In Pennsylvania, the agent named in a power of attorney document has certain legal duties to fulfill. If the agent fails to meet his or her legal duties, he or she may be removed as POA and could be financially liable for damages. Some legal duties are mandatory and cannot be avoided by language in the POA document, and some legal duties can be limited or eliminated depending on how the power of attorney is written.
Regardless of any provisions in the power of attorney document as written, an agent under a Pennsylvania financial power of attorney who has accepted the appointment as POA must meet the following duties:
- Act in accordance with the principal’s reasonable expectations to the extent actually known by the agent and, otherwise, in the principal’s best interest.
- Act in good faith.
- Act only within the scope of authority granted in the power of attorney.
Modifiable Legal Duties
Pennsylvania law specifies that certain duties of an agent under a POA can be changed depending on how the power of attorney document is written:
- Keep the agent’s funds separate from the principal’s funds unless:
- The funds were not kept separate as of the date of the execution of the power of attorney; or
- The principal commingles the funds after the date of the execution of the power of attorney and the agent is the principal’s spouse.
- Act so as to not create a conflict of interest that impairs the agent’s ability to act impartially in the principal’s best interest.
- Act with the care, competence and diligence ordinarily exercised by agents in similar circumstances. Some power of attorney documents lower the standard of care so that the agent would not be held liable for mistakes of ordinary negligence, but would still be held liable for damages caused by dishonesty, gross negligence, or willful misconduct.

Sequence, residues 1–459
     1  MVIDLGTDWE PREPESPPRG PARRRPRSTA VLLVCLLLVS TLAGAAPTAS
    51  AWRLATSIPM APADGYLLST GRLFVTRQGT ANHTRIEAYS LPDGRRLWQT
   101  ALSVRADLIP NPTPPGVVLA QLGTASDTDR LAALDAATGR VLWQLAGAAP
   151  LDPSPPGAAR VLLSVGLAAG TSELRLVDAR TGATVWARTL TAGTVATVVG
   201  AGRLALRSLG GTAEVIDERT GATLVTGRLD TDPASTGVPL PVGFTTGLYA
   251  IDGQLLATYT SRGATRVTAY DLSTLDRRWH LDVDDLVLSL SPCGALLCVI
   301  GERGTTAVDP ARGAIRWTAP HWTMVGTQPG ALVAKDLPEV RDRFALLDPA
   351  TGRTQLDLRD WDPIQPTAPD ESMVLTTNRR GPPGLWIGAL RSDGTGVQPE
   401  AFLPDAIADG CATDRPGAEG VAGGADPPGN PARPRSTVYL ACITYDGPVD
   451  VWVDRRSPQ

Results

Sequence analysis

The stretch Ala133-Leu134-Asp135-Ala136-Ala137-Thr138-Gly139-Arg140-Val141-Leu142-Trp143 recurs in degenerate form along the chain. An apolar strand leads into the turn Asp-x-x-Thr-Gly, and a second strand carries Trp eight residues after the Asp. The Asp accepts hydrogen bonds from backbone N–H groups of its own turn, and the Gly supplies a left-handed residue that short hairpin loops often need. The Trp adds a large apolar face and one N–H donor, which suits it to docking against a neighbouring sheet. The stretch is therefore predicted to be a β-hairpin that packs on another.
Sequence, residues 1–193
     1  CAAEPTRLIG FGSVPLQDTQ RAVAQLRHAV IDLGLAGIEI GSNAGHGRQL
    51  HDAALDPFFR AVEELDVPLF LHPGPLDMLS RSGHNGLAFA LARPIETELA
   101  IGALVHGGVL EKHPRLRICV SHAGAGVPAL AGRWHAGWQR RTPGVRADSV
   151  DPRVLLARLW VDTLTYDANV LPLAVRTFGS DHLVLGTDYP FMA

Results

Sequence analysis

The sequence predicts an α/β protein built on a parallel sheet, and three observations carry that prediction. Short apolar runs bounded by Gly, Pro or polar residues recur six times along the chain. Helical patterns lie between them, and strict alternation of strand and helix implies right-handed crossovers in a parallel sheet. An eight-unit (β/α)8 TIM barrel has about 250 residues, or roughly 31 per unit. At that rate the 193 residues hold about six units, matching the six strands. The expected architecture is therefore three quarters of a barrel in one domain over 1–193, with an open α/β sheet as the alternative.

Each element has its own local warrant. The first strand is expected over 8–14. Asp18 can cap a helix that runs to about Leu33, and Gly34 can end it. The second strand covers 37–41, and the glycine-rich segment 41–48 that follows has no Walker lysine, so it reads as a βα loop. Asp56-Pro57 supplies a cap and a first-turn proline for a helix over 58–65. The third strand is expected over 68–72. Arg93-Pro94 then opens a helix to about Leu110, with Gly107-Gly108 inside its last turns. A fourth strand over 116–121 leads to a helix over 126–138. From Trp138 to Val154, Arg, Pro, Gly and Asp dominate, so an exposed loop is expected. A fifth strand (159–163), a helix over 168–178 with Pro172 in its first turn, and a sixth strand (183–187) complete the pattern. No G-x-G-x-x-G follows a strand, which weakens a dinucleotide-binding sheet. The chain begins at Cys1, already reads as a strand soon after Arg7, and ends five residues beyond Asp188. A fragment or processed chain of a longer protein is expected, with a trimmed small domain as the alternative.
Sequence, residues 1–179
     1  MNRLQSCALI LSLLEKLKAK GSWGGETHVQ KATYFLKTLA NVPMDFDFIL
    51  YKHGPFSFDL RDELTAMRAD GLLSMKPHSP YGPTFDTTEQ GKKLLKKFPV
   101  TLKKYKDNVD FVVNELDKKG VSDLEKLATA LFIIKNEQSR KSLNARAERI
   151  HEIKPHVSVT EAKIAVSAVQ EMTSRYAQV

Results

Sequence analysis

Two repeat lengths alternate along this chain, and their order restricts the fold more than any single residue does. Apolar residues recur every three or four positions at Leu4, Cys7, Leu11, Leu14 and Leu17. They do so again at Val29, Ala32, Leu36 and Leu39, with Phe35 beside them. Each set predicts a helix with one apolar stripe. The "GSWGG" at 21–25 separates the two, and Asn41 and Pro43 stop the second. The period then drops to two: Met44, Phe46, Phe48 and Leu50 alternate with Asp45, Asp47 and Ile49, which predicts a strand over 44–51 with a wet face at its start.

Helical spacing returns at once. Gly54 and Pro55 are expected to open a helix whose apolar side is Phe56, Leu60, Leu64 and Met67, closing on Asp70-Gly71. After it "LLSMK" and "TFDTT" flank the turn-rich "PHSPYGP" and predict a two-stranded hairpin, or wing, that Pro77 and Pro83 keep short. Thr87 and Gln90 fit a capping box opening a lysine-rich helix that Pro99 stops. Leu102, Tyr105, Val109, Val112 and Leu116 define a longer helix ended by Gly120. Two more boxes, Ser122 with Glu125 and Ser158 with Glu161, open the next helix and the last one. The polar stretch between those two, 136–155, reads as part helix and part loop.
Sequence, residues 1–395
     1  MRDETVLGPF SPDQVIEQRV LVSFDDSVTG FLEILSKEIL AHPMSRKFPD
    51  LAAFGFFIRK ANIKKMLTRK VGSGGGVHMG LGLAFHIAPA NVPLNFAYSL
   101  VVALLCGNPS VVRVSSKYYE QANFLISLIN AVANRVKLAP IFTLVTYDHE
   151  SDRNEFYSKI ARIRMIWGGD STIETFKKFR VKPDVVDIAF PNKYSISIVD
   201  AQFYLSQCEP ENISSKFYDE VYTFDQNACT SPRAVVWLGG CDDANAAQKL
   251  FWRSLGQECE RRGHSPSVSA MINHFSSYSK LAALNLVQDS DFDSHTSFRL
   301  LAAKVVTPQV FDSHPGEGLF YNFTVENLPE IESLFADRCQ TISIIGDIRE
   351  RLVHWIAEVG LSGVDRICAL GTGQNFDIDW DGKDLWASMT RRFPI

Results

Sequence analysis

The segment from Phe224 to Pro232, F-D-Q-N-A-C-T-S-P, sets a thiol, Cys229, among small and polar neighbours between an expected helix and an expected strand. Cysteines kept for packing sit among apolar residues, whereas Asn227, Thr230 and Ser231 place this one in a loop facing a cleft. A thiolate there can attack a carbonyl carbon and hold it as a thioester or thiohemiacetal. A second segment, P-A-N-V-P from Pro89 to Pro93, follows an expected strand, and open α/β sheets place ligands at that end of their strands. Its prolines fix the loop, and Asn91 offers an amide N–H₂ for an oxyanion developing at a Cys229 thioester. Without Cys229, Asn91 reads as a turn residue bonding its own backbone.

- Keep a record of all receipts, disbursement and transactions made on behalf of the principal. Even if the power of attorney document purports to reduce the record-keeping requirement, the person acting as agent under the power of attorney should always maintain meticulous financial records. This includes copies of all financial statements and receipts or copies of bills paid.
- Cooperate with the person who has authority to make health care decisions for the principal.
- Attempt to preserve the principal’s estate plan, to the extent actually known by the agent, if preserving the plan is consistent with the principal’s best interest based on all relevant factors. These factors include the value and nature of the principal’s property, the principal’s foreseeable obligations and need for maintenance, minimization of taxes (such as income, estate, inheritance, and gift taxes) and eligibility for a benefit, program or assistance under a statute or regulation such as Medicaid long-term care benefits.
If you do not meet your legal duties when serving as financial power of attorney, you could be removed by the court, or even face personal liability if there are financial damages caused by the breach of fiduciary duty. It all begins with the drafting of the power of attorney, and the agent needs to review the document carefully before exercising the authority in it. When in doubt, acting honestly and in the principal’s best interest and maintaining meticulous financial records will tend to get the agent through most situations. The safest path, and recommended course of action, is to consult with a knowledgeable lawyer before using a financial power of attorney document so you know your legal duties.
Disclaimer: The above article is provided for general informational purposes only. Please do not rely on this article as a substitute for legal advice for your specific situation.